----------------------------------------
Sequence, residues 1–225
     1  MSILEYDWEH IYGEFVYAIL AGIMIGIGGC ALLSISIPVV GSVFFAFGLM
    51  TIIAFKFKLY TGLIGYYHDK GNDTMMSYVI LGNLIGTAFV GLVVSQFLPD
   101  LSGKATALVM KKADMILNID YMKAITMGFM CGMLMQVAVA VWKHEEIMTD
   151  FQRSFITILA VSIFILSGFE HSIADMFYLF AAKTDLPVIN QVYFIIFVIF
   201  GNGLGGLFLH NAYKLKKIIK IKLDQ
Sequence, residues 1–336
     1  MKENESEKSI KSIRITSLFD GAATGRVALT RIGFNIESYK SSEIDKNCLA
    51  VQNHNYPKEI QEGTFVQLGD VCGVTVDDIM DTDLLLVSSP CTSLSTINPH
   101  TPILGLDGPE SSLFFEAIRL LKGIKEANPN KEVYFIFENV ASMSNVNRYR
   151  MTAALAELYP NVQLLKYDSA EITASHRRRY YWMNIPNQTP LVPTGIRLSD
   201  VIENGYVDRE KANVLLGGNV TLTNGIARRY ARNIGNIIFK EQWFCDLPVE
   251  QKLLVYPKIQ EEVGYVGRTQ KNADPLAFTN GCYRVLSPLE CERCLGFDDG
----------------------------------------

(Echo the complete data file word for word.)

Sequence, residues 1–225
     1  MSILEYDWEH IYGEFVYAIL AGIMIGIGGC ALLSISIPVV GSVFFAFGLM
    51  TIIAFKFKLY TGLIGYYHDK GNDTMMSYVI LGNLIGTAFV GLVVSQFLPD
   101  LSGKATALVM KKADMILNID YMKAITMGFM CGMLMQVAVA VWKHEEIMTD
   151  FQRSFITILA VSIFILSGFE HSIADMFYLF AAKTDLPVIN QVYFIIFVIF
   201  GNGLGGLFLH NAYKLKKIIK IKLDQ
Sequence, residues 1–336
     1  MKENESEKSI KSIRITSLFD GAATGRVALT RIGFNIESYK SSEIDKNCLA
    51  VQNHNYPKEI QEGTFVQLGD VCGVTVDDIM DTDLLLVSSP CTSLSTINPH
   101  TPILGLDGPE SSLFFEAIRL LKGIKEANPN KEVYFIFENV ASMSNVNRYR
   151  MTAALAELYP NVQLLKYDSA EITASHRRRY YWMNIPNQTP LVPTGIRLSD
   201  VIENGYVDRE KANVLLGGNV TLTNGIARRY ARNIGNIIFK EQWFCDLPVE
   251  QKLLVYPKIQ EEVGYVGRTQ KNADPLAFTN GCYRVLSPLE CERCLGFDDG